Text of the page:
While it’s true that herbs and spices make up only a minor component of our diets, some people are concerned about pesticide residues on the plants that yield these flavor agents. But the use of chemicals on herbs and spices is not restricted to the growing cycle. Insect or microbial contamination can occur post-harvest, during transportation, storage and processing. Because most of these plants are grown outdoors, they tend to have high microorganism counts to begin with. Given all of this, herbs and spices must be sterilized to prevent foodborne illnesses and reproduction of the microbes or bugs. There are several ways in which sterilization can be accomplished.
Conventional herbs and spices are sometimes sterilized with the gas ethylene oxide (EtO). But EtO is problematic. It is highly combustible and has been identified as a carcinogen and reproductive toxin; some claim it can also damage the typical sensory characteristics of herbs or spices. EtO, incidentally, has been banned in many European countries, as well as in Japan.
Irradiation is another technique that is sometimes used to sterilize spices, although this method has also been banned in some countries outside the U.S. The Centers for Disease Control and Prevention (CDC) describes irradiation as “a safe and effective technology that can prevent many foodborne diseases.” The CDC further states that irradiated foods do not experience a change in nutritional value and are not made unsafe by their exposure to irradiation.
However, not everyone accepts these reassurances. And, according to one article I’ve read, a high dose of radiation is required to kill insects and bacteria and extend the shelf-life of an herb or spice. Irradiated spices, unlike many other irradiated foods, do not require a label stating they’ve been radiation-treated. Not all sellers of conventional herbs and spices sell irradiated spices, by the way; some refuse to do so.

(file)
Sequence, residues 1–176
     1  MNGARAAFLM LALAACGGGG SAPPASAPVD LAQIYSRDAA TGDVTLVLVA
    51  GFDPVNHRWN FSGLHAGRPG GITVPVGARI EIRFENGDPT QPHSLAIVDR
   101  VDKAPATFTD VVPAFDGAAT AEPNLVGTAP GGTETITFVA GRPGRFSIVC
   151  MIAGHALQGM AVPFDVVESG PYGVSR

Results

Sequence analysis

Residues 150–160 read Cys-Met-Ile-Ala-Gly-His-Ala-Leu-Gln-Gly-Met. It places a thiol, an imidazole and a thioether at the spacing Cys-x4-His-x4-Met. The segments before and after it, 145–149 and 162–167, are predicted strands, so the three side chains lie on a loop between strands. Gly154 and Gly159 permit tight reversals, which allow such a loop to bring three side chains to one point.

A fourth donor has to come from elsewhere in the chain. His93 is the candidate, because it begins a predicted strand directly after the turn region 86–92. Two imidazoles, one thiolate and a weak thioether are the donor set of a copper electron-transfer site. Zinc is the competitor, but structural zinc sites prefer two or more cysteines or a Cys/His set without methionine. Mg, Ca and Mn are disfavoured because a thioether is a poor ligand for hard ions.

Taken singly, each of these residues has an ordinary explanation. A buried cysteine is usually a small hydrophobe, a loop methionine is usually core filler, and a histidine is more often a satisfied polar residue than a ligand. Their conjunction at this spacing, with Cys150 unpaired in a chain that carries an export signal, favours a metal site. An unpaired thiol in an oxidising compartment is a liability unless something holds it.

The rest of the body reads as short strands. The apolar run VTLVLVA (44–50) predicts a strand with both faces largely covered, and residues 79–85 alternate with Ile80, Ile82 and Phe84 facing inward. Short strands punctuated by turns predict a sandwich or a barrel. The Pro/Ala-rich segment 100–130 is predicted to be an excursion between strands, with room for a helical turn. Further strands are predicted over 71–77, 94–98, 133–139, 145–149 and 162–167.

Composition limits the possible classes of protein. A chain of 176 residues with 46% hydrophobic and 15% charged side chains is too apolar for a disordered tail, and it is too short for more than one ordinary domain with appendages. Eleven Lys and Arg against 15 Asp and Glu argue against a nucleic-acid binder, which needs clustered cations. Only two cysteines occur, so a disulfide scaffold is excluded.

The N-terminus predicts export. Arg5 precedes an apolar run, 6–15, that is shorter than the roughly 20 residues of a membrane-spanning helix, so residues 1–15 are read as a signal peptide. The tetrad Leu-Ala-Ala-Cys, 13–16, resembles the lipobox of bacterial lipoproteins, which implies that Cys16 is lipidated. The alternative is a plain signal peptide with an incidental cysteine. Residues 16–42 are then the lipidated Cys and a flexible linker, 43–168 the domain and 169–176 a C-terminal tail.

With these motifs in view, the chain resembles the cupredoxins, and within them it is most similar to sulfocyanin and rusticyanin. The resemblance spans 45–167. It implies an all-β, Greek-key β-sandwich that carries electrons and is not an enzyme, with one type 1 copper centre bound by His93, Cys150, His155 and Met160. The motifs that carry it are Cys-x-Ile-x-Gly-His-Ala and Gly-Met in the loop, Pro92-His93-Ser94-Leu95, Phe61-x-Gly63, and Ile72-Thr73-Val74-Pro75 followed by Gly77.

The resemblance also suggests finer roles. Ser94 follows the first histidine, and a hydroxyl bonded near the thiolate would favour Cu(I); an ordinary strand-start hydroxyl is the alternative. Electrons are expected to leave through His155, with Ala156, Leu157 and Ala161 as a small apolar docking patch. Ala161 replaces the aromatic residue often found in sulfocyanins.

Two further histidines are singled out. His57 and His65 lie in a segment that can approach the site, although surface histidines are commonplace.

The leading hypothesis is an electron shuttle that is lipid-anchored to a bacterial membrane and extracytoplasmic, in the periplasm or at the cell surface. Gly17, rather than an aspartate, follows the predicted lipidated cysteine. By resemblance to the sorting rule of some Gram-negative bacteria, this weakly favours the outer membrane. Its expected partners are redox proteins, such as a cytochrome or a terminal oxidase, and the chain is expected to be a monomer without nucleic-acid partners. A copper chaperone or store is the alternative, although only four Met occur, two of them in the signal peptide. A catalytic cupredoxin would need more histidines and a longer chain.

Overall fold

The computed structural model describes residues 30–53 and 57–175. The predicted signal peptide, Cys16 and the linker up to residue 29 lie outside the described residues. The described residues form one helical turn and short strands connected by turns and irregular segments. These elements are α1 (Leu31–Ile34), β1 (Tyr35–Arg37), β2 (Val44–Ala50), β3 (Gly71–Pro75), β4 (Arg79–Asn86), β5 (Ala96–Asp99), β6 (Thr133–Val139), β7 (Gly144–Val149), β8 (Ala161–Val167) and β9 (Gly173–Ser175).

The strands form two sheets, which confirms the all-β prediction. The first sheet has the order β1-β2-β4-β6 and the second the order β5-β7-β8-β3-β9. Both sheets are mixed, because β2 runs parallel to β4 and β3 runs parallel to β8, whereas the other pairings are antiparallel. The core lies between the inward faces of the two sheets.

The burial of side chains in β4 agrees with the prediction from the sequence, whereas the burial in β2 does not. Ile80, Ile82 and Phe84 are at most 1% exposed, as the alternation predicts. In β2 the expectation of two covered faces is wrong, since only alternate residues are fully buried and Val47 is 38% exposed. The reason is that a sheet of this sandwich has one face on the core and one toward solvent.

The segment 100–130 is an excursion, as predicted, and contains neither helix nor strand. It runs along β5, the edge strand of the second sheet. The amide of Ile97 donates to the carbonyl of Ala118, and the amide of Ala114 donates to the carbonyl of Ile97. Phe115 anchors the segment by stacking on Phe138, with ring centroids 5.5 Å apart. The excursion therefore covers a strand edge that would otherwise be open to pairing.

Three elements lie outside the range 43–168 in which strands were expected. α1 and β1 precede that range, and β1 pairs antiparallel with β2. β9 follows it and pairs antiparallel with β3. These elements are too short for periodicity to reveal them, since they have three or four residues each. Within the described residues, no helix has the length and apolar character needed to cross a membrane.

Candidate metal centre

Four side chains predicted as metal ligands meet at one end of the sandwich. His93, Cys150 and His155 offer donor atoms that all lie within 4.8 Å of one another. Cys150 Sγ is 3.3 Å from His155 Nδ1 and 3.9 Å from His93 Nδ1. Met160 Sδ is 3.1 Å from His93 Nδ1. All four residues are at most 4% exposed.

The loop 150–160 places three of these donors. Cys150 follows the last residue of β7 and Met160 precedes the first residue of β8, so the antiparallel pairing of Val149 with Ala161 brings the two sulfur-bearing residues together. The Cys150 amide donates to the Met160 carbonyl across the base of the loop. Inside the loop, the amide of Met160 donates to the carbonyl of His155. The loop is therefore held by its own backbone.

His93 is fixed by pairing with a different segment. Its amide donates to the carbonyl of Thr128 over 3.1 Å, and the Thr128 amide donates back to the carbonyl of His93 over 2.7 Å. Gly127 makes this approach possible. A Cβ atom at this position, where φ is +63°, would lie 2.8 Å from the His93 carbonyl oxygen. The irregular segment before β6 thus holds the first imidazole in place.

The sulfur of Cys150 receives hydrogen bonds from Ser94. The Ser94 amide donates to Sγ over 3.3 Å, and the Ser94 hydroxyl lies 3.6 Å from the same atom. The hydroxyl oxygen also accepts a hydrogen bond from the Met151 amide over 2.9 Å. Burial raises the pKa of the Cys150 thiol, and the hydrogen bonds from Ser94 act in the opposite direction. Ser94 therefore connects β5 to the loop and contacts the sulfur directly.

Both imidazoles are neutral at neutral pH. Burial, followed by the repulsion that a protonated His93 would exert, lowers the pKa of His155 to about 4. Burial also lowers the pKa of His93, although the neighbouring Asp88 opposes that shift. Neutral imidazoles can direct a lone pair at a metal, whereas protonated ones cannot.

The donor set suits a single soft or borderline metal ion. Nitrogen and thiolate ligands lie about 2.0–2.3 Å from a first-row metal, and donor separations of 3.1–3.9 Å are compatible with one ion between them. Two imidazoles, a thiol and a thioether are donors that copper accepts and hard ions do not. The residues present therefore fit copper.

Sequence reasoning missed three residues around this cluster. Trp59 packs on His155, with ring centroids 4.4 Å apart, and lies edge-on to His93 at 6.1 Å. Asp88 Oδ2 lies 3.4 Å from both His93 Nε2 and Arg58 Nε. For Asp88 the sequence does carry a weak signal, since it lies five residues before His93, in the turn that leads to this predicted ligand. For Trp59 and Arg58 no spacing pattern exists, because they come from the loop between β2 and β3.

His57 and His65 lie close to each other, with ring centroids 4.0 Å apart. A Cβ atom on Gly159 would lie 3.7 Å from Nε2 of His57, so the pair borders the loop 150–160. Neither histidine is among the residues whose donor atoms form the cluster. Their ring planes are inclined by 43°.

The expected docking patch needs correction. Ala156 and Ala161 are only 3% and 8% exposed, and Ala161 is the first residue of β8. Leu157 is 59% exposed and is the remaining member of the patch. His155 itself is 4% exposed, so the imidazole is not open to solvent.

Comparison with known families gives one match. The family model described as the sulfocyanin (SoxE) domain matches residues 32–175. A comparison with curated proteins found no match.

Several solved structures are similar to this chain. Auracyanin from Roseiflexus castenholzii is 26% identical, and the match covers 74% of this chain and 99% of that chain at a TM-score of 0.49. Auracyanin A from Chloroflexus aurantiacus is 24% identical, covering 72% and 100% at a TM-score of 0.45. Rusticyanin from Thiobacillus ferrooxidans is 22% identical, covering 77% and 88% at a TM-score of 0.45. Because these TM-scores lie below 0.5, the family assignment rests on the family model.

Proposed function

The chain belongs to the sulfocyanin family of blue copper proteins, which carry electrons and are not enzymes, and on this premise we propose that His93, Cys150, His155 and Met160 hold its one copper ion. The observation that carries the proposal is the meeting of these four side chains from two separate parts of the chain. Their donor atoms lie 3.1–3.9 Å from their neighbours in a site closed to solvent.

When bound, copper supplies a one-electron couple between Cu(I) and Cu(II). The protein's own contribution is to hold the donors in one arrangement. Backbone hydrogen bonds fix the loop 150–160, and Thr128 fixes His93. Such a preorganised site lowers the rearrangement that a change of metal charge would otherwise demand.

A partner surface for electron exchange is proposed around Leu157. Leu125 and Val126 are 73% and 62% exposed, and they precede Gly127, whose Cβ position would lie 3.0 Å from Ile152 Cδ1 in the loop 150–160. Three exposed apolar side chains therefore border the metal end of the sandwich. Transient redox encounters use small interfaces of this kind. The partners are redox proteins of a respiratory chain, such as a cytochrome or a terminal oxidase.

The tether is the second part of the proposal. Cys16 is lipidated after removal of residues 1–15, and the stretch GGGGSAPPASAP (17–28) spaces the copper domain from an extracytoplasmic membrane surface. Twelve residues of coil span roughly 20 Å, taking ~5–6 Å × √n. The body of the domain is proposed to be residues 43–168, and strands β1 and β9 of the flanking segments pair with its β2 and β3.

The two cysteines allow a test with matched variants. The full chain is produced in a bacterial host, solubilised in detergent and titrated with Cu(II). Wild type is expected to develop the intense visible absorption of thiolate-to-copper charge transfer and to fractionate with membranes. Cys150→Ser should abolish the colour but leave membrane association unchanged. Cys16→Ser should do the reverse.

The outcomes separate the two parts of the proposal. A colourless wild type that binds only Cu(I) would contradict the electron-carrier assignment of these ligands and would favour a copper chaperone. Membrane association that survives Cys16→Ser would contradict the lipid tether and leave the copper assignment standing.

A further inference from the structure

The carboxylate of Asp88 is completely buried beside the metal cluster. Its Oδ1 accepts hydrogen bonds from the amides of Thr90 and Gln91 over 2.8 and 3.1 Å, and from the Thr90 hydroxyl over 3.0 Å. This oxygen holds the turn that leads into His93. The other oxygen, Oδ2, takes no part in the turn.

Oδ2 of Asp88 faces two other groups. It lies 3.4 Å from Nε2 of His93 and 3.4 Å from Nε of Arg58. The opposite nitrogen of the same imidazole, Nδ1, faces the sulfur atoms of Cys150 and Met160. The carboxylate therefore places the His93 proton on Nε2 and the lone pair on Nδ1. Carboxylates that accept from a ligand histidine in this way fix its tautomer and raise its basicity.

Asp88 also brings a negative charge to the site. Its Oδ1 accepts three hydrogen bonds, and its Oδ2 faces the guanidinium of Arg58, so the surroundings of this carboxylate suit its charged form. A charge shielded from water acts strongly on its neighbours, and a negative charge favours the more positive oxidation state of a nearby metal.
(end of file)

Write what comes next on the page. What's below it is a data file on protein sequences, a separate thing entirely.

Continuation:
Organic spices and herbs are not allowed to be radiation-treated, nor can they use EtO. Instead, these products use heat, steam, ozone, carbon dioxide or a freezing process. No one method works for all herbs and spices, unfortunately. Heat sterilization kills bacteria, but it can damage the essential oils and flavor of herbs. Carbon dioxide chambers can kill insects and their eggs, but can’t sterilize. Freezing will not kill all microorganisms, especially in products that typically have high microbial counts, such as garlic. There is even a process by which soil is treated before plants are even grown in it, so bacteria is limited from the start, but on a large scale this doesn’t seem practical.
In 2006, BI Nutraceuticals of California came up with a steam sterilization process for herbal powders, called Protexx HP™, a sanitation technology based on super-heated dry steam. According to the BI Nutraceuticals website, results of treatment with this technology are similar to reduction in microbiological counts seen with either irradiation or EtO sterilization; but Protexx HP protects color, flavor, and other sensory properties, leaves no residue, is environmentally friendly, and has been certified organic. The company tells me that their technology is now being used for sterilization on a number of organic products, including some herbs and spices.